The KQL syntax supports a sequence of expressions (the expression-list element) without any operator between the expressions. In this case, there is an implicit operator between the expressions. The implicit operator is either AND (section 2.1.2) or OR (section 2.1.8).
If the query contains any non-property operator (ALL (section 2.1.1), AND (section 2.1.2), NOT (section 2.1.6), XRANK (section 2.1.10), and so forth), the query MUST be evaluated as if the implicit operator is AND (section 2.1.2).
There are other special cases regarding the use of the implicit operator. See section 220.127.116.11 for the use of the implicit operator in combination with qualified string tokens, and section 2.2.4 for the use of the implicit operator in combination with property restrictions.
eDiscovery seems to use implicit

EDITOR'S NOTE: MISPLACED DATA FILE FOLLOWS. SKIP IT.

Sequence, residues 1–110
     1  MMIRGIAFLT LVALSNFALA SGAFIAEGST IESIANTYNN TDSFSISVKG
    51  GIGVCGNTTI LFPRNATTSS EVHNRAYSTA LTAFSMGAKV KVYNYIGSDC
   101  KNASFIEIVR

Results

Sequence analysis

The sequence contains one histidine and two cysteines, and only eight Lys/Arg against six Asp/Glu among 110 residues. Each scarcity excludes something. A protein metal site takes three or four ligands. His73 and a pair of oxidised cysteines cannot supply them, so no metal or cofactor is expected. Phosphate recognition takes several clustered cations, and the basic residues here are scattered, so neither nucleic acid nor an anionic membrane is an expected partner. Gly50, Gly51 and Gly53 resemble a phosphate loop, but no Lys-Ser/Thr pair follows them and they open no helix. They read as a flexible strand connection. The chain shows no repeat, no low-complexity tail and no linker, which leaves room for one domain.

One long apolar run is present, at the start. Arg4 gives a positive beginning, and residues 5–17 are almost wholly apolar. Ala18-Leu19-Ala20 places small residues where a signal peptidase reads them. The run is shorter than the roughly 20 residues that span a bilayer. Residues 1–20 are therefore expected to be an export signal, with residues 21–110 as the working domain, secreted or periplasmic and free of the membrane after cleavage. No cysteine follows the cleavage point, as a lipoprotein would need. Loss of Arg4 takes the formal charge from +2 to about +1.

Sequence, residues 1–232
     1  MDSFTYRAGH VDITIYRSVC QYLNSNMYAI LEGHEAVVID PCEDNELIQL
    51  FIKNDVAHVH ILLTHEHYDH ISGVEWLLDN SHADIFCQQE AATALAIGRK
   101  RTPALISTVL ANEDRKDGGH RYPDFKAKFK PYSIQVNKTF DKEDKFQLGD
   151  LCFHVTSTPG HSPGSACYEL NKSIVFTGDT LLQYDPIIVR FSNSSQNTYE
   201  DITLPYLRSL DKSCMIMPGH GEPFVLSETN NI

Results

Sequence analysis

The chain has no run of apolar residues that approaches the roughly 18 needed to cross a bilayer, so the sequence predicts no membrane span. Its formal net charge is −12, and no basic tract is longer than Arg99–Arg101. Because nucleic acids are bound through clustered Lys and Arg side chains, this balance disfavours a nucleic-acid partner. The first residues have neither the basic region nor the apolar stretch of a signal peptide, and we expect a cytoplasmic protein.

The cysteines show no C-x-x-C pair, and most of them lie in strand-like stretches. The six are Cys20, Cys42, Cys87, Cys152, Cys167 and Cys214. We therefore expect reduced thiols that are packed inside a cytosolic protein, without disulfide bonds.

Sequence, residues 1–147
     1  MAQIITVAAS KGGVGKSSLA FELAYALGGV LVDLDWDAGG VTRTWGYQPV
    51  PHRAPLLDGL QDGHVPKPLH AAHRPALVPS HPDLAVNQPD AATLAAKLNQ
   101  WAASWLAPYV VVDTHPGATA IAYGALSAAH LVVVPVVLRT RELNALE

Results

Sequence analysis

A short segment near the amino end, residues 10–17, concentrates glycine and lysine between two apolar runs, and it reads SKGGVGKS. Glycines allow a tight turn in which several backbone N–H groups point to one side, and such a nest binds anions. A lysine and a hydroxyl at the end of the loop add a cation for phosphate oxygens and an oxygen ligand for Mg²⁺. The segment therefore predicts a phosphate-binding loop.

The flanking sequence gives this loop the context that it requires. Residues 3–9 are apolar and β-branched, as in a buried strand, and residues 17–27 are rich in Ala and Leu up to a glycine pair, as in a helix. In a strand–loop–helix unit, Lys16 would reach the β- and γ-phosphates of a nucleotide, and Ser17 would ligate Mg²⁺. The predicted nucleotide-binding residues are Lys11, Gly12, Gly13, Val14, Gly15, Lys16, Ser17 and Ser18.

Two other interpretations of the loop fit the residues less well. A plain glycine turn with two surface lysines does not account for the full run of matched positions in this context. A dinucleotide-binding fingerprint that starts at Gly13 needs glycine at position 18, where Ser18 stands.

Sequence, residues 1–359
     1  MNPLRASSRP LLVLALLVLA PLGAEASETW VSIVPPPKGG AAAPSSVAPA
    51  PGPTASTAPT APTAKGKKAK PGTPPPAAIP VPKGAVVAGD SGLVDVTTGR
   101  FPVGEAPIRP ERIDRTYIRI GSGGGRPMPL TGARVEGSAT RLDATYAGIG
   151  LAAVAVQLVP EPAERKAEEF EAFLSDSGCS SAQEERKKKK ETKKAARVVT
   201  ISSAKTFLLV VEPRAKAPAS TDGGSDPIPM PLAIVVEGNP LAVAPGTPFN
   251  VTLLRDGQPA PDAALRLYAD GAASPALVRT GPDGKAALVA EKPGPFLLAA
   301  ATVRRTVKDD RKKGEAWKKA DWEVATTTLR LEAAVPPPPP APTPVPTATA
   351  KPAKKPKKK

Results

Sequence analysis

OR by default, and only switches to
AND when things get more complex. To force
AND wrap keywords in parenthesis.
Microsoft makes this claim:
The following [sets of] queries match the same items:
cat +dog cat AND dog
But in testing with eDiscovery Standard, this query:
(participants:"user1" OR participants:"user2")
This may be related to the handling of Implicit operators mentioned above.
However, the claim below that appears to be correct:
cat -dog cat AND NOT dog
This rendered correctly as
(participants=user1 AND (NOT (participants=user2))).
“Condition cards” are built in the Purview (previously Compliance) eDiscovery Standard, and the property name
c with values
s (must be inside parenthesis) are reserved there to separate compiled card queries.
(c:c) is similar to logical
(c:s) is similar to logical
OR. They are used to separate keywords into groups, so that each group can be individually tracked for the number of results returned for that particular group, and so that queries can more easily be transformed into raw KQL and back.
:) vs equality (
Equality is an exact match to the property, while contains is a word match and supports suffix wildcard with
*. KQL does not support prefix wildcards.